There are a number of charities related to Rett Syndrome, they are populating my sidebar. It’s a little confusing the relationships between all of them. When you make your donation to help out little (and big) girls like Edda, it would be nice to know which organization you are giving to and how their philosophy may differ. There are many, many hardworking people at all these organizations and I can not begin to tell you how much time and energy goes into everything that they do. Without these organizations, I would be lost.
A little history:
About 30 years ago, a woman named Kathy Hunter, started an organization called the International Rett Syndrome Association (IRSA). Her daughter, Stacie, was the 6th person diagnosed with Rett Syndrome in the United States and starting from her kitchen table, she knit together an organization that was very family oriented. Parents of daughters who are now in their 20s speak fondly of that time – remember, no internet, no instant messaging, no cell phones. It was really to Kathy Hunter’s credit that she got all these far flung people together to form a community. IRSA started the yearly family conference, which I have attended twice now. I’ve found them to be uplifting and inspirational.
Then about ten years ago, a group of parents were disappointed with the lack of research that was being done to understand and cure Rett Syndrome, and a second organization formed, the Rett Syndrome Research Foundation (RSRF). This organization, co-founded by Monica Coenraads a year after her daughter, Chelsea was diagnosed. This organization raised over $11 million dollars over the past 10 years and led to the amazing mouse model reversal of Rett Syndrome. Their focus was to to fund research and do targeted experiments to find a cure for Rett Syndrome. It was under the auspices of RSRF that last year, I participated in the Fairfax, VA stroll-a-thon which raised $100,000 for research.
This past year, IRSA and RSRF merged to form the new International Rett Syndrome Foundation (IRSF) and this umbrella organization is taking the family care aspect and the research aspect into one centralized organization. Lots of people from both IRSA and RSRF remained on the board of directors of the combined organization. It is under this organization that I have visited the offices of Van Hollen and Kennedy to ask for money to fund research for Rett Sydrome.
However, during the merger, both Kathy Hunter and Monica Coneraads left the new organization. These two women are both energetic and passionate women, I knew that they would not be quiet for long.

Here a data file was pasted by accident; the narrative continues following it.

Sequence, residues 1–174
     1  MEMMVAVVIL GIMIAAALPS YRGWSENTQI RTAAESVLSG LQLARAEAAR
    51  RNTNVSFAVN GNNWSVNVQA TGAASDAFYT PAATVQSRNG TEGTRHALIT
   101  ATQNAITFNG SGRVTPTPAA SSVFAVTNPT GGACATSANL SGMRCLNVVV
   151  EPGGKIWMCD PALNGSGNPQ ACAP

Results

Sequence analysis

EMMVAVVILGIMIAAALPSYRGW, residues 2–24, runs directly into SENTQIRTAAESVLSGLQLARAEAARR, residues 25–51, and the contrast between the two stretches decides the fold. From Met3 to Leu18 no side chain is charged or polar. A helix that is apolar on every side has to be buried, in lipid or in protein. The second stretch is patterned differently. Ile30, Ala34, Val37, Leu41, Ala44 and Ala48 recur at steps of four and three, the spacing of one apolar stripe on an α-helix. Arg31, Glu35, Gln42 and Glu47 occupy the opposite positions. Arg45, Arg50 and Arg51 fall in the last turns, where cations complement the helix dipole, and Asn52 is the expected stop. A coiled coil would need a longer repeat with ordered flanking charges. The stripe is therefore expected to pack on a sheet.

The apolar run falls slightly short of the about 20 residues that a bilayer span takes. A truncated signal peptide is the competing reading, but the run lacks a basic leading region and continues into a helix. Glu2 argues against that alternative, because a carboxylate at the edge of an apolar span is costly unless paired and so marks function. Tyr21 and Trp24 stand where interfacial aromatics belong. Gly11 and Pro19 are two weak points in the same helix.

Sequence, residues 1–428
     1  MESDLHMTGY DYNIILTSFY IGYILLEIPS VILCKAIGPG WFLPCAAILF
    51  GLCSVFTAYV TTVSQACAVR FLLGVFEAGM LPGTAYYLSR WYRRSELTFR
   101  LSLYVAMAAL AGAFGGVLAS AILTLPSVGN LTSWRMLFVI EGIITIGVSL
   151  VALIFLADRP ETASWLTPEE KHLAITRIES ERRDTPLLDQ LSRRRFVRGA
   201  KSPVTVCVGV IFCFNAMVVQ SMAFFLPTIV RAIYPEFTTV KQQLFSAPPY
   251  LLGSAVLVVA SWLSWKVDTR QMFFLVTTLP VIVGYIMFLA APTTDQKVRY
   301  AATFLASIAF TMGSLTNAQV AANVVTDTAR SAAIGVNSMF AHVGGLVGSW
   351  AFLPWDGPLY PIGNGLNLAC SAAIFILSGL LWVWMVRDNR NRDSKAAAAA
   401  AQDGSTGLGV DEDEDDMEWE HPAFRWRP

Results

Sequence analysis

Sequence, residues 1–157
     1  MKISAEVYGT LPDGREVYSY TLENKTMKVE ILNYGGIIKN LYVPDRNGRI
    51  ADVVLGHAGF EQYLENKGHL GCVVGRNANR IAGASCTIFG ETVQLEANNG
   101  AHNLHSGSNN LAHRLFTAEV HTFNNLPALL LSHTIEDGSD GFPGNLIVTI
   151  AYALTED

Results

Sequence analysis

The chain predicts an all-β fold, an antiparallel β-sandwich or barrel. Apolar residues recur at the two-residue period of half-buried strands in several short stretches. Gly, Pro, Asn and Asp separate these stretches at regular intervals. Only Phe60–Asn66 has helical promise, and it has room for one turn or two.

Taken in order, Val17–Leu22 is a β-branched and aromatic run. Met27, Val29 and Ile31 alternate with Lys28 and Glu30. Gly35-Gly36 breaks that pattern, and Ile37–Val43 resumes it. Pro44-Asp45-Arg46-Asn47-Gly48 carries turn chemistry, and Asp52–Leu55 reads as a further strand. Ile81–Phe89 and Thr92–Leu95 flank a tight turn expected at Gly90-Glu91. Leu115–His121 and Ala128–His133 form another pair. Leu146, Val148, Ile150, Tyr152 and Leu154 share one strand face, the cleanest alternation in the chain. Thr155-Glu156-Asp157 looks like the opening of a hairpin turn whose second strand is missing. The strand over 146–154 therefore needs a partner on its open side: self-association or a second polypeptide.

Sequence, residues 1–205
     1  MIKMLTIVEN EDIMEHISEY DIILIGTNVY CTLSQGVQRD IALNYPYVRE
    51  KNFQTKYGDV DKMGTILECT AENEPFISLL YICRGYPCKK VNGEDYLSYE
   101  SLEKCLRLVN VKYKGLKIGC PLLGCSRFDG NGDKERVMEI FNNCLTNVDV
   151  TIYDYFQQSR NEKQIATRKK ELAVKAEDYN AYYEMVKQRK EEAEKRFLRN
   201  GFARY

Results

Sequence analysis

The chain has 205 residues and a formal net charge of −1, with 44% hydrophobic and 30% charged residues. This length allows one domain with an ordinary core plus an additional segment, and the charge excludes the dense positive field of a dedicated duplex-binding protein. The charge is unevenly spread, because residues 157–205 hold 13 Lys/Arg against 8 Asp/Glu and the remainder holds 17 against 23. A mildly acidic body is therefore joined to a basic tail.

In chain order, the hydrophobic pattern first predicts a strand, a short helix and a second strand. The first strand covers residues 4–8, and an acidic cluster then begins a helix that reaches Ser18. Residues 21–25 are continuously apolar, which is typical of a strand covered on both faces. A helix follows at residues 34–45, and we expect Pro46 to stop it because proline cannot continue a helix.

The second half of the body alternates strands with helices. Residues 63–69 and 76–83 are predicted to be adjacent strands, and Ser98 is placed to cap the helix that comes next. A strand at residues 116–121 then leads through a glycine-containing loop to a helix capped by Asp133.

Kathy Hunter has started RettHelp.org, a family support forum where you can “find the facts you need, and the care and comfort you so richly deserve in meeting the challenges of Rett syndrome”.
Monica Coneraads has started the Rett Syndrome Research Trust (RSRT) this past year, and their website just went live! This organization’s focus is to deliver clinical trials of a novel treatment strategy in 5 years. Two women, Ingrid Harding and Kelly Butler (who are my own personal daily source of inspiration) are working hard at Girl Power 2 Cure, which raises funds on behalf of RSRT.
Whew! Are you still with me? It is my biggest fantasy that Rett Syndrome be cured. Not a day goes by without me thinking about Edda being able to control her body and be able to speak! What a day that would be.
2 thoughts on “Rett Syndrome Organizations”
In the real world, things are not that straight-forward as advertized, especially when money & power are involved.
There is a folk story in China, one monk up in a mountain has to fetch water himself everyday. Two monks up in a mountain would most likely share the fetching. Three monks, one particular monk, maybe younge; maybe be more innocent; maybe more warm-hearted; maybe more idealistic and would like to build a better world in the name of Buddha; or simply is the weakest has to fetch water everyday for all three of them, rain or shine.
Those other two monks probably will tell this poor one that a wonderful heaven somewhere is waiting for him because of his good deeds.
In short, idealistic is a good thing but be prudent.
Doris, this was a great post and summary of Rett organizations! Thank you…it clears up a lot of questions for me. Edda looks really comfy snuggling with her new kitty.